Yankee Boy Basin Road is a short 4x4 trail located southwest of Ouray County, in Colorado, United States. The road is accessible from June until October. It's one of the highest mountain roads of Colorado.
The trail is 4.7 miles long. It climbs up to Yankee Boy Basin, an alpine basin in Ouray County, nestled at an elevation of 3.818m (12,526ft) above the se level. The road is really scary if you are afraid of heights. It’s one of the most popular 4x4 roads in the area. The drive is one of the most popular destinations in the Ouray area due to its stunning natural beauty, rich history and colorful wildflowers. The wildflowers and waterfalls along this road attract photographers from all over the world and the abandoned mines are great for history buffs. There are mines, abandoned cabins, waterfalls, wildflowers, and of course, the incredible Mount Sneffels. Travelling to Yankee Boy Basin should not be attempted by low clearance passenger cars.
Is Yankee Boy Basin Road open?
The road is accessible from June until October. A gate for the upper portion of the trail is closed until the snow melts, usually in late June or early July. The lower portion of the trail is easy. At the middle, the trail gets rocky, narrow and steep, but is suitable for aggressive, high-clearance, stock SUVs. Medium-to-high-clearance vehicles are required to reach the Basin and 4-wheel drive is recommended beyond the basin to Mt. Sneffels trailhead.
Is Yankee Boy Basin Road dangerous?
The road is winding, in some places only wide enough for one vehicle, and in many places bordered by a drop of hundreds of meters (many hundreds of feet) unprotected by guardrails. This road, which becomes more and more "interesting" with each passing mile--turning from a graded dirt road into a slightly bumpy shelf road, finally ending up as a moderate 4WD road with some steep, rough, rutted sections that shouldn't be attempted by any low-clearance 2WD vehicles at all.High-clearance 4WDs are preferred, but any high-clearance vehicle is acceptable. Expect a rough road surface; mud and sand are possible but will be easily passable. You may encounter rocks up to 6 inches in diameter, a loose road surface, and shelf roads, though these will be wide enough for passing or will have adequate pull-offs. A part that passes under a big rock overhang has the biggest drop-offs to the side. The road is narrow at the higher sections and passing other vehicles is nearly impossible, so be prepared that you can get stuck in a traffic on summer weekends. Thunderstorms often develop in the afternoon in the Colorado high country. Visiting early in the day and being back by your vehicle is advisable. Be aware of high altitude sickness, which can be life threatening, and drink plenty of water. There are no services available. Be sure to take water and lunch on your visit. The last mile stretch of road is gravel and rough, high clearance vehicles are advised. Take your time and stay on your side of the road.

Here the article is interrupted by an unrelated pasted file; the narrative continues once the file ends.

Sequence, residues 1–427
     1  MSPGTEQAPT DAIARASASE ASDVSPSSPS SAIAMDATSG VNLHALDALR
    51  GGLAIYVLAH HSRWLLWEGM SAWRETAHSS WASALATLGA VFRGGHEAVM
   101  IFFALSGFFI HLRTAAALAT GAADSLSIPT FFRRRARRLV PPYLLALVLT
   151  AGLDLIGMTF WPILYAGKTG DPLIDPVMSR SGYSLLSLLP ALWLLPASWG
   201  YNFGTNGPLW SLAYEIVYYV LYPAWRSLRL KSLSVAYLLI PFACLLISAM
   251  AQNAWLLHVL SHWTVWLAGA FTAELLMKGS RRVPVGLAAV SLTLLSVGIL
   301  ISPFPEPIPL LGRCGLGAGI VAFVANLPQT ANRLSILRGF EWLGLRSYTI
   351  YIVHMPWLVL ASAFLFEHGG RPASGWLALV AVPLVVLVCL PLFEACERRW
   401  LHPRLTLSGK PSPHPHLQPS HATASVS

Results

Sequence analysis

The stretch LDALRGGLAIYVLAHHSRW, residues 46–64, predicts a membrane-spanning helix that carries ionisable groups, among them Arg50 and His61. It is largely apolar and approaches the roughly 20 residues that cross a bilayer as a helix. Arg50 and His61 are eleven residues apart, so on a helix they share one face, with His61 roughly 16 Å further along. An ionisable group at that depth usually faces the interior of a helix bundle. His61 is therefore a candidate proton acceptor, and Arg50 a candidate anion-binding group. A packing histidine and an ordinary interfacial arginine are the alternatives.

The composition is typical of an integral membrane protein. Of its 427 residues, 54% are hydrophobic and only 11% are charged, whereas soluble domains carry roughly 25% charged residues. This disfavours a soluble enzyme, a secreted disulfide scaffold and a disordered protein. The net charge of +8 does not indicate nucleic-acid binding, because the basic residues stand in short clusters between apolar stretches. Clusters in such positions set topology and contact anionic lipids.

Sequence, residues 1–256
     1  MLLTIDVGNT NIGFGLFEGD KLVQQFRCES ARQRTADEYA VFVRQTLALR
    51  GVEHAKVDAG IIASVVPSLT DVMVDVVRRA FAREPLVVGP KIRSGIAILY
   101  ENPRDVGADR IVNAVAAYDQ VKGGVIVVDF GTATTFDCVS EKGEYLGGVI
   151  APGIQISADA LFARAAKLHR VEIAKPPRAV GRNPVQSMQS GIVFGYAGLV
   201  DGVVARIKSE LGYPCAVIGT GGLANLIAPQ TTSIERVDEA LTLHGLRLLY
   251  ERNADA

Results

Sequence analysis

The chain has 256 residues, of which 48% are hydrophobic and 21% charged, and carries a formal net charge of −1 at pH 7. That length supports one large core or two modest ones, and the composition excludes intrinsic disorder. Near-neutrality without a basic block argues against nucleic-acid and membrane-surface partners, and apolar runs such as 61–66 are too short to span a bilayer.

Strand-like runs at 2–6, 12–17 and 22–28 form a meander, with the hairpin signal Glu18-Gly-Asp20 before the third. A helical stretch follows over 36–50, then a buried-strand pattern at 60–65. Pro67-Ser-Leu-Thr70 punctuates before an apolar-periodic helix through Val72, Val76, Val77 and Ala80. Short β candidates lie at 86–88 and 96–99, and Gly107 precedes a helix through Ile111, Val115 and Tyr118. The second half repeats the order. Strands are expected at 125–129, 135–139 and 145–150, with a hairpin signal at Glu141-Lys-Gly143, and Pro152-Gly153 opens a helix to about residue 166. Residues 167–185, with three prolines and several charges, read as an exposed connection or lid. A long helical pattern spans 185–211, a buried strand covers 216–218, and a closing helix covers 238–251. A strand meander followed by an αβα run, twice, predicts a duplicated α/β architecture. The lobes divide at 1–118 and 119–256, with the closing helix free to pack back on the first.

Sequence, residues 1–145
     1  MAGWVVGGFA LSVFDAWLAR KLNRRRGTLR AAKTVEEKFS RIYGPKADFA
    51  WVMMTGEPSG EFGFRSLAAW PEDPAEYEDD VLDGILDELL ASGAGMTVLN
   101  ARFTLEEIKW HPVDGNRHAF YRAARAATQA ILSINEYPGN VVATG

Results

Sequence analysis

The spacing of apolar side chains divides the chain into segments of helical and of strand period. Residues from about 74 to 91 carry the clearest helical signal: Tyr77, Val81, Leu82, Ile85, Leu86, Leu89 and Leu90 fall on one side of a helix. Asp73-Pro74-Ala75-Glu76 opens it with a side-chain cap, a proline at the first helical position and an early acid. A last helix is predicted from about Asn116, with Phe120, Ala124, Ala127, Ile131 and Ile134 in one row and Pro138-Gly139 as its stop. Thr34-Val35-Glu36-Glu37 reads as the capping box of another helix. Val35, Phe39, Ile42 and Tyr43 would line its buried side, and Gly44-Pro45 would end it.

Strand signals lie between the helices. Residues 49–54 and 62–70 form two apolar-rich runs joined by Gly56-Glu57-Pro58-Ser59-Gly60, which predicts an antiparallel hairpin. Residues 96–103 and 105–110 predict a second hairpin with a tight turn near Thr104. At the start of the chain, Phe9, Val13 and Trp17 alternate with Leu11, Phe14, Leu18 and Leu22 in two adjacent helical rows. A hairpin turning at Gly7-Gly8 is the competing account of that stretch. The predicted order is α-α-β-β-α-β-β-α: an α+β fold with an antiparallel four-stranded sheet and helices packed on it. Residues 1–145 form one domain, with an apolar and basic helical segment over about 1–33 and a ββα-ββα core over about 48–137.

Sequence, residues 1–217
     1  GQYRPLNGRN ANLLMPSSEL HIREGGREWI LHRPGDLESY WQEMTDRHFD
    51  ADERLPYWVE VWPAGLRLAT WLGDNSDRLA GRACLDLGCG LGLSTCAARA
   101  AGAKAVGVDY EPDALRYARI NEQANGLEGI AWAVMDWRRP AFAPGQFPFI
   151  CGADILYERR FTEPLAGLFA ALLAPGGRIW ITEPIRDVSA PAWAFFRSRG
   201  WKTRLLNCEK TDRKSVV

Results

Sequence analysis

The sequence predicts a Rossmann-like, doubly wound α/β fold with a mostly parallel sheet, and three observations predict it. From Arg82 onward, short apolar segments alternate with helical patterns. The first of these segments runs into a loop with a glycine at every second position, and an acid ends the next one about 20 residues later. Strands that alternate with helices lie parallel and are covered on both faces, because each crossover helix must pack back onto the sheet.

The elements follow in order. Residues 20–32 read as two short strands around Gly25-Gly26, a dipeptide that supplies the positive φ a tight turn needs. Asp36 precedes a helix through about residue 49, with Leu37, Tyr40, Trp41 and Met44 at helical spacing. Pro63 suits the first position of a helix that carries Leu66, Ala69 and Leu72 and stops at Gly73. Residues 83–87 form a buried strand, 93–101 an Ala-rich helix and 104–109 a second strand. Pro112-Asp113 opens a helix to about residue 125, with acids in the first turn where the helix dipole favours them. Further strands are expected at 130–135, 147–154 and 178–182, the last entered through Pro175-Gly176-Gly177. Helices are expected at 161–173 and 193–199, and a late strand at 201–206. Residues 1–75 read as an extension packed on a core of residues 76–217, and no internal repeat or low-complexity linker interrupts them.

Pic: Will Hampson